Becoming more Christlike is about becoming a better Christian through a more committed application of the Bible, coupled with the guidance and grace of the Holy Spirit. This application of Scripture cuts two ways. First, it calls for doing away with ungodliness, for resisting and overcoming sin as much as possible. Second, it calls for us to put on Christ, 1 to embrace the godly virtues spoken of in Scripture, and live in a manner that strengthens these virtues within our lives.

In his book, Cultivating Christian Character, 2 author Michael Zigarelli conducted a survey of 5,000 Christians and found which virtues seem to help in the growth and development of Christian character. He identified three attributes that appear to be major building blocks in developing Christlikeness:

There are three attributes that best explain why high-virtue Christians are different from average-virtue Christians. Those attributes—those three pillars of success—are gratitude, joyful living and God-centeredness … Christians who have sown these three seeds into their lifestyle are far more likely to reap maximum Christian character … to see manifestations of the fruit of the Spirit in their lives. Fundamental but elusive Christian virtues (e.g., love, inner peace, patience, kindness, generosity, faithfulness, gentleness, self-control, compassion, and the ability to forgive) all flow from the roots of gratitude, joyful living, and God-centeredness 3

Gratitude is a key element of growth in Christlikeness because it’s a “parent virtue”—a virtue that helps produce other godly virtues and has a transformational effect on our character. It’s also widely understood in fields such as psychology and self-improvement to be beneficial for improving one’s health and emotional, social, and psychological well-being. Gratitude is universally considered a basic foundation for a better, happier life.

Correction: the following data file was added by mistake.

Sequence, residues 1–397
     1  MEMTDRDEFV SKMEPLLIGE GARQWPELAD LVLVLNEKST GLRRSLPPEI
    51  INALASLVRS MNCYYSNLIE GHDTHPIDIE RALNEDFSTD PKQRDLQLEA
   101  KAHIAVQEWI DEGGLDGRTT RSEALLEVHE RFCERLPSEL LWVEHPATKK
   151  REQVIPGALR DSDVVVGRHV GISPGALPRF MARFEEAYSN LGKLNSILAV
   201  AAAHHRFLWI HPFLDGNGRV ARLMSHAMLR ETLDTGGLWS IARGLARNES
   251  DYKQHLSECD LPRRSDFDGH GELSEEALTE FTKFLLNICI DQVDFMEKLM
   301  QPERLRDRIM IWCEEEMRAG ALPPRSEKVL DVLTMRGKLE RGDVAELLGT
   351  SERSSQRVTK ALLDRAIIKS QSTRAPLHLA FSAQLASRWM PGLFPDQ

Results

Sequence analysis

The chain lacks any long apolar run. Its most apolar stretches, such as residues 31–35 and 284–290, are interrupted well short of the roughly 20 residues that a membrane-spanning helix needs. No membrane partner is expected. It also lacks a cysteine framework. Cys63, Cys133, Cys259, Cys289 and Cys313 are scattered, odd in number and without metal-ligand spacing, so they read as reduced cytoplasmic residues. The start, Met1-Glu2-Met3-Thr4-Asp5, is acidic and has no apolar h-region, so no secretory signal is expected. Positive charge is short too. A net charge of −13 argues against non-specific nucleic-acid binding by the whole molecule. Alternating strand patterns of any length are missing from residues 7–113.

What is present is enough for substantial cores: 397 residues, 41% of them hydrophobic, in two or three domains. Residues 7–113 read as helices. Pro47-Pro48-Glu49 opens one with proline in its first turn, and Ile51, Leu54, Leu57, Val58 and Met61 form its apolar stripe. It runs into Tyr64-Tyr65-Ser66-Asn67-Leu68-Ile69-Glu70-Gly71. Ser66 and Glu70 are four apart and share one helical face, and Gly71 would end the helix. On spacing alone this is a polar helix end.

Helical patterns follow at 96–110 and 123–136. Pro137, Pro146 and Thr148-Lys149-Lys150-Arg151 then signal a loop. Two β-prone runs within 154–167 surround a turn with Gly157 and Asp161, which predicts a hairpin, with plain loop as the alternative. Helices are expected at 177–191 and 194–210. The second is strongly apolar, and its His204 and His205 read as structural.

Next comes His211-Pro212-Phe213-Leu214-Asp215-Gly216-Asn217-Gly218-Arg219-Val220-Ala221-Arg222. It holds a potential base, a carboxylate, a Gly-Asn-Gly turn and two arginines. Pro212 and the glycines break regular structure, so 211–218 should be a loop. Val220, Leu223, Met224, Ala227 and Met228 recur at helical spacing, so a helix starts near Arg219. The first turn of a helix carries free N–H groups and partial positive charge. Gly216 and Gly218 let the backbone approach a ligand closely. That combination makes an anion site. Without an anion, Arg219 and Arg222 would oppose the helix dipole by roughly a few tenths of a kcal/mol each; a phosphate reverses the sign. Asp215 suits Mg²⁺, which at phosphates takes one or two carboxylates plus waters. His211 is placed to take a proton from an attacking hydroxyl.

In Scripture, gratitude or gratefulness is based on the concept that everywhere and in every situation, God’s people should give thanks to God, the One who has created and redeemed them. The giving of thanks in the Old Testament is indicated most often by the Hebrew word todah, which is translated thanksthankfulness, and thanksgiving. It’s also how you say “thank you” in modern Hebrew.

The New Testament is also full of examples of expressing thankfulness to God, as well as instruction to do so. In fact, we’re told to give thanks to God for everything 4 and always. 5

Cultivating gratitude changes our outlook on life, producing over time a new context or lens through which we process our circumstances. We begin to see our experiences and everything we have in the light of God’s love, and we recognize that no matter what our situation, it could be worse—but it isn’t. This doesn’t mean we don’t do what we can to improve our situation, but we view it with thankfulness.

In a sense, gratitude is a mindset. No matter what our circumstances, we can choose to see them through the lens of thankfulness to God for His love, care, and supply, rather than comparing with others or bemoaning our lot in life. It requires focusing our thoughts on our blessings instead of what’s missing from our lives or how much better life could be “if only…” Gratitude causes us to want what we have, to be content with whatever state we are in, and to regularly thank God for our blessings, whether they’re meager or abundant.

It’s often difficult to feel grateful when we face adversity in our lives, when it seems life doesn’t make sense and our prayers go unanswered. But a grateful attitude isn’t based on events, it’s anchored in faith that God loves us, that He hears our prayers, and that there are always things to be thankful for even in the worst of situations.